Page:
The Johns Hopkins-Fogarty African Bioethics Training Program (FABTP) has offered a fully-funded, one-year, non-degree training opportunity in research ethics to health professionals, ethics committee members, scholars, journalists and scientists from countries across sub-Saharan Africa. In the first 9 years of operation, 28 trainees from 13 African countries have trained with FABTP. Any capacity building investment requires periodic critical evaluation of the impact that training dollars produce. In this paper we describe and evaluate FABTP and the efforts of its trainees.Our data (...) show that since 2001, the 28 former FABTP trainees have authored or co-authored 105 new bioethics-related publications; were awarded 33 bioethics-related grants; played key roles on 78 bioethics-related research studies; and participated in 198 bioethics workshops or conferences. Over the past nine years, trainees have collectively taught 48 separate courses related to bioethics and have given 170 presentations on various topics in the field. Many former trainees have pursued and completed doctoral degrees in bioethics; some have become editorial board members for bioethics journals. Female trainees were, on average, less experienced at matriculation and produced fewer post-training outputs than their male counterparts. More comprehensive studies are needed to determine the relationships between age, sex, previous experience and training program outputs. (shrink)
Tom 1. Rannekhristianskiĭ gnosticheskiĭ tekst v rossiĭskoĭ kulʹture (21 i︠a︡nvari︠a︡ 2011 g.) -- Tom 2. Sudʹby religiozno-filosofskikh iskaniĭ Nikolai︠a︡ Novikova i ego kruga (15-17 okti︠a︡bri︠a︡ 2012 g.).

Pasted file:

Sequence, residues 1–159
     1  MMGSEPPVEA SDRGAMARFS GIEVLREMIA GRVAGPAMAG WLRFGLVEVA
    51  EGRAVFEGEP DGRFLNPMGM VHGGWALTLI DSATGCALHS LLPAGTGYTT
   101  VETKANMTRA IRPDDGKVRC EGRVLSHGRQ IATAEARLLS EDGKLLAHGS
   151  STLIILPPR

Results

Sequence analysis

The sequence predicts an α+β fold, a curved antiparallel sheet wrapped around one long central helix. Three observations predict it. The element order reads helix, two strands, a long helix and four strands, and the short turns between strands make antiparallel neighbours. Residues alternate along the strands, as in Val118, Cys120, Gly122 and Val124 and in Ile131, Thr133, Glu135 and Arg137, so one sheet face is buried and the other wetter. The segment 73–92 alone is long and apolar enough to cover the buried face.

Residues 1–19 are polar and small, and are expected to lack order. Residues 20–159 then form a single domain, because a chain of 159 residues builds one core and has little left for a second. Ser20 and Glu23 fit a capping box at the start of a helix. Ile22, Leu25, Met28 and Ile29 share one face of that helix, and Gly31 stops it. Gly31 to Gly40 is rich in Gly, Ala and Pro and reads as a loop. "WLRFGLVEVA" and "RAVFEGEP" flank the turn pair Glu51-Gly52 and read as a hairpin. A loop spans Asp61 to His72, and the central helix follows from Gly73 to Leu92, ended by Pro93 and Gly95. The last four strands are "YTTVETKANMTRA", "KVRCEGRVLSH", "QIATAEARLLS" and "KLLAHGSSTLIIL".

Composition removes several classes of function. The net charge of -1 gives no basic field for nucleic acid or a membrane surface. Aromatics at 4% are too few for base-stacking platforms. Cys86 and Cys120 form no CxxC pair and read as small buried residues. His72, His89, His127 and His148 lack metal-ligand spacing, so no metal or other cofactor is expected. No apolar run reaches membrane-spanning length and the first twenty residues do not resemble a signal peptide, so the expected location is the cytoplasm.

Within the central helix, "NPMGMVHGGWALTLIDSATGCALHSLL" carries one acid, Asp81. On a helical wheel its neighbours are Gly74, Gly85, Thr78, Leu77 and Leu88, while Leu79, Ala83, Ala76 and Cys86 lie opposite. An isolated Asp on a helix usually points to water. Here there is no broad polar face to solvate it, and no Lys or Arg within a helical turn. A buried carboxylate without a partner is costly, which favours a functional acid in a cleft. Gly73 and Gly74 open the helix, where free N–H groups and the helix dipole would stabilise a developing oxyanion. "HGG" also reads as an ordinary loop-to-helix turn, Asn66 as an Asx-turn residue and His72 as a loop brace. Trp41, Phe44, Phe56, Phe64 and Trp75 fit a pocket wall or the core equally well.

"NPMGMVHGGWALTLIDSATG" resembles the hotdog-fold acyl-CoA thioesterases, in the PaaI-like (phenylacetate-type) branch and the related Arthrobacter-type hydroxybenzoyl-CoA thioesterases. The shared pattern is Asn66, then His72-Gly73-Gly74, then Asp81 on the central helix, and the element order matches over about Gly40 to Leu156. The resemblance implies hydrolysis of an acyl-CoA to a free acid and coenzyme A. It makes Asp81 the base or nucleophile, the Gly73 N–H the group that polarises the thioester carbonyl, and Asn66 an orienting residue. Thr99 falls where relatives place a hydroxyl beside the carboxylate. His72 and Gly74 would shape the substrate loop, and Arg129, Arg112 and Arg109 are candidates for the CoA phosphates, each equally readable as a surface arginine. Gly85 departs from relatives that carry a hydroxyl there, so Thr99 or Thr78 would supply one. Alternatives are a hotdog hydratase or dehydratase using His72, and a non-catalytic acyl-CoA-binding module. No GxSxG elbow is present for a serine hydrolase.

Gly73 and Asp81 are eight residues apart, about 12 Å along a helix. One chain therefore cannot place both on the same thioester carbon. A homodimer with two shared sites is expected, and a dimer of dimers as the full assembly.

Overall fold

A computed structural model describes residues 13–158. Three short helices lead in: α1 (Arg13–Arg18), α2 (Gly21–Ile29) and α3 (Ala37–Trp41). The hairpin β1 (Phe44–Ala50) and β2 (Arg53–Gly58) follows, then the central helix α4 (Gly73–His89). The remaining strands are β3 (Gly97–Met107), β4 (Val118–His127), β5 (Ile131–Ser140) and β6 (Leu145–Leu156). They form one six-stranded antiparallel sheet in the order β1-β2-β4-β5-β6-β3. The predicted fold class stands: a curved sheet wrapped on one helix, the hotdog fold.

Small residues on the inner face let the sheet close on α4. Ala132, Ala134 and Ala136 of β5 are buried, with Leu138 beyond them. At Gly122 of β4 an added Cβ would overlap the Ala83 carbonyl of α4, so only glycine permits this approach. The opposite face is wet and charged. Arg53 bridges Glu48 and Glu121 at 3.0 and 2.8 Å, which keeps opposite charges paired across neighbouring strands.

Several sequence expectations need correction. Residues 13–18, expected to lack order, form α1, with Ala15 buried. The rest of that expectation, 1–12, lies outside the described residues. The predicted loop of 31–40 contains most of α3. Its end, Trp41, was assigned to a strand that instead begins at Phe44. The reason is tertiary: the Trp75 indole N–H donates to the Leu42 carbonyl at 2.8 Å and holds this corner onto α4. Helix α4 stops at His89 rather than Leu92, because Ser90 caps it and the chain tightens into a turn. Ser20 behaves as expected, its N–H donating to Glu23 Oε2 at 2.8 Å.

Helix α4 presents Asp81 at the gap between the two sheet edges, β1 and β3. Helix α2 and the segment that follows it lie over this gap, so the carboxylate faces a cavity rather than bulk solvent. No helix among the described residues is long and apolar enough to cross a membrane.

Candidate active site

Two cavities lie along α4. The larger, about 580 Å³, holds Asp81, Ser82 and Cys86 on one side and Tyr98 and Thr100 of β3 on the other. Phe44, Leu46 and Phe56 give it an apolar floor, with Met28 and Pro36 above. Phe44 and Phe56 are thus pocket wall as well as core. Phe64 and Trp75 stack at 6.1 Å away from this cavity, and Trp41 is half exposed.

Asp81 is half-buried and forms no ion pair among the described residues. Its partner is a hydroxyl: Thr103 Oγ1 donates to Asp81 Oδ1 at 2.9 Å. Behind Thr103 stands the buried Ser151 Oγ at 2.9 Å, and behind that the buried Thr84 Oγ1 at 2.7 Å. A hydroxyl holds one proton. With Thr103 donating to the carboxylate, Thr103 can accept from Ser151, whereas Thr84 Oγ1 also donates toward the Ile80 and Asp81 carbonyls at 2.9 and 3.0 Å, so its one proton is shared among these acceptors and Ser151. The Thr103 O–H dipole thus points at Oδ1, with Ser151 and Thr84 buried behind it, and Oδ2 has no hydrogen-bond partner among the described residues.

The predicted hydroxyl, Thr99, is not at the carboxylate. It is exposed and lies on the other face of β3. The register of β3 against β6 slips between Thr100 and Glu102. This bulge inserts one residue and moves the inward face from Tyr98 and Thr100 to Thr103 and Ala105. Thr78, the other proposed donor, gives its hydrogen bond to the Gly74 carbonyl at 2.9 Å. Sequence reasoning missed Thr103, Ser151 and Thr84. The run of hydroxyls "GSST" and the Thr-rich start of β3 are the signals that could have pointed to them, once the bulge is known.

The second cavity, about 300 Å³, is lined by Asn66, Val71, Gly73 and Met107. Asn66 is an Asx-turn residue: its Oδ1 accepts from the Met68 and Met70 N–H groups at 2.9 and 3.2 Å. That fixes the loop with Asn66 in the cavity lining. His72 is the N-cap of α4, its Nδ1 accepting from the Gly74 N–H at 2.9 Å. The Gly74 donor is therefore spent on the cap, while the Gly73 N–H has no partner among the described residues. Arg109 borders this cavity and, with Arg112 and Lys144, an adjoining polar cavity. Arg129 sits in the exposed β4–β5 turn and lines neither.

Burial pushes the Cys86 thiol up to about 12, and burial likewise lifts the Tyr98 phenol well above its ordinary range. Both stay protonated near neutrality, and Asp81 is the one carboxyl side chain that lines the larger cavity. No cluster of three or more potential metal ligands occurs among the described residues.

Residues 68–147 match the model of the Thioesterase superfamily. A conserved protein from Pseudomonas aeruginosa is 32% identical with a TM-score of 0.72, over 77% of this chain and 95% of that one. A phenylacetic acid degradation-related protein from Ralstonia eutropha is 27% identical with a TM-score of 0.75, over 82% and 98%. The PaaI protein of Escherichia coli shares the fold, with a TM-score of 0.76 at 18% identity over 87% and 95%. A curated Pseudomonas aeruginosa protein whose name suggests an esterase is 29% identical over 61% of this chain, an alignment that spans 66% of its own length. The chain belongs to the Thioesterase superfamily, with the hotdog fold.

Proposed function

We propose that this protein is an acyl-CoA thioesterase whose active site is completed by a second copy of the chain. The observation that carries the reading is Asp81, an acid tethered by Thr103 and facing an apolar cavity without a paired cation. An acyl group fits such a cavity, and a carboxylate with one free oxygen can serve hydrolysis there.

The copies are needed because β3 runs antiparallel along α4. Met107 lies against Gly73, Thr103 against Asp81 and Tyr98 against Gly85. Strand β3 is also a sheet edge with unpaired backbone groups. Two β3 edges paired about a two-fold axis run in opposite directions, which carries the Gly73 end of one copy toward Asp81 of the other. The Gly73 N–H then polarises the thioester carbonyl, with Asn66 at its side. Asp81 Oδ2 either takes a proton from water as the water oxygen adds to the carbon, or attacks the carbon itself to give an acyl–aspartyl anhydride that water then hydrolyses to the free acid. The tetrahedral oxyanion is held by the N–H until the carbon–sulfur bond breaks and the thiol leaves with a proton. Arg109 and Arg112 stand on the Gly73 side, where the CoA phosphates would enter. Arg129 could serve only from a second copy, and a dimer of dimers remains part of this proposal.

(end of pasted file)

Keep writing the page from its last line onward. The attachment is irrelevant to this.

In the period of decolonisation that followed the end of the Second World War a number of scholars, mainly Middle Eastern, launched a sustained assault on Orientalism - the theory and practice of representing 'the Orient' in Western thought -accusing its practitioners of misrepresentation, prejudice and bias. As a result an intense debate occurred regarding the validity of the charges made, involving not only Orientalists but students of history, anthropology, sociology, women's studies and the media. Orientalism: A Reader provides the (...) student with a selection of key readings from this debate, covering a range of areas including myth, imperialism, the cultural perspective, Marxist interpretation and feminist attitudes.The origins and character of the debate on Orientalism are introduced, as well as the intellectual foundations of the assault made and the nature of the debate which ensued. Coverage begins with nineteenth-century material from thinkers such as Hegel and Marx, and moves through extracts from Nietzsche, Gramsci and Foucault to contemporary work from, for example, Bryan Turner, John MacKenzie and Edward Said. As well as a general introduction, each section is introduced and the extracts are placed in context to guide the student carefully through this complex debate. (shrink)